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Targeted ablation of NrCAM or ankyrin-B results in disorganized lens fibers leading to cataract formation.

Moré MI, Kirsch FP, Rathjen FG - J. Cell Biol. (2001)

Bottom Line: The NgCAM-related cell adhesion molecule (NrCAM) is an immunoglobulin superfamily member of the L1 subgroup that interacts intracellularly with ankyrins.The disorganization of fiber cells becomes histologically distinct during late embryonic development and includes abnormalities of the cytoskeleton and of connexin50-containing gap junctions.Also, these studies provide genetic evidence of an interaction between NrCAM and ankyrin-B.

View Article: PubMed Central - PubMed

Affiliation: Max-Delbrück Center for Molecular Medicine, Robert-Rössle-Strasse 10, D-13092 Berlin, Germany.

ABSTRACT
The NgCAM-related cell adhesion molecule (NrCAM) is an immunoglobulin superfamily member of the L1 subgroup that interacts intracellularly with ankyrins. We reveal that the absence of NrCAM causes the formation of mature cataracts in the mouse, whereas significant pathfinding errors of commissural axons at the midline of the spinal cord or of proprioceptive axon collaterals are not detected. Cataracts, the most common cause of visual impairment, are generated in NrCAM-deficient mice by a disorganization of lens fibers, followed by cellular disintegration and accumulation of cellular debris. The disorganization of fiber cells becomes histologically distinct during late embryonic development and includes abnormalities of the cytoskeleton and of connexin50-containing gap junctions. Furthermore, analysis of lenses of ankyrin-B mutant mice also reveals a disorganization of lens fibers at postnatal day 1, indistinguishable from that generated by the absence of NrCAM, indicating that NrCAM and ankyrin-B are required to maintain contact between lens fiber cells. Also, these studies provide genetic evidence of an interaction between NrCAM and ankyrin-B.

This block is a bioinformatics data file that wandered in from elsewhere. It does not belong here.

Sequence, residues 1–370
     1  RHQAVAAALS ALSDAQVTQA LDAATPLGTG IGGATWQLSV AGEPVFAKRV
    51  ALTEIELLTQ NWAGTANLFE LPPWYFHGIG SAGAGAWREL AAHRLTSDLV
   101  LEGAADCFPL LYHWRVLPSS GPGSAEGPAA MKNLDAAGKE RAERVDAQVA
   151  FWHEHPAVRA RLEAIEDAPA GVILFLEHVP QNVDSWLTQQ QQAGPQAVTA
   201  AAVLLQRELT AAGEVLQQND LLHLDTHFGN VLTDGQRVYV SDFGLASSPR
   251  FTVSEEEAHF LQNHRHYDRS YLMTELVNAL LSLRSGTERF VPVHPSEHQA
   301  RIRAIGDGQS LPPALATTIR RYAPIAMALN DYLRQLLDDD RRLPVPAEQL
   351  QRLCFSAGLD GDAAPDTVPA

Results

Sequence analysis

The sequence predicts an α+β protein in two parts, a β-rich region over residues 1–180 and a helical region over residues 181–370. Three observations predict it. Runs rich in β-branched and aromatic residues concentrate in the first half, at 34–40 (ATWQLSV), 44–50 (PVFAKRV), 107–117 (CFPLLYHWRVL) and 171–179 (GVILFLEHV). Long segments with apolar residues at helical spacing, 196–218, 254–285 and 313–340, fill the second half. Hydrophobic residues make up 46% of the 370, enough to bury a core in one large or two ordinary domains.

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Disorganization of F-actin and connexin50 in the absence of NrCAM. (a and b) P12 and 2.5-mo-old, respectively, lateral-anterior longitudinal section through an NrCAM−/− lens, stained with FITC-phalloidin. Filled arrowheads, examples of F-actin aggregates; open arrowheads, examples of bordering cell membranes with a still normal ordered F-actin arrangement. (c and d) 1-mo-old lenses stained with monoclonal antibodies against the gap junctional protein connexin50. (c) wild type. (d) NrCAM−/−. Arrows, con-nexin50 aggregates.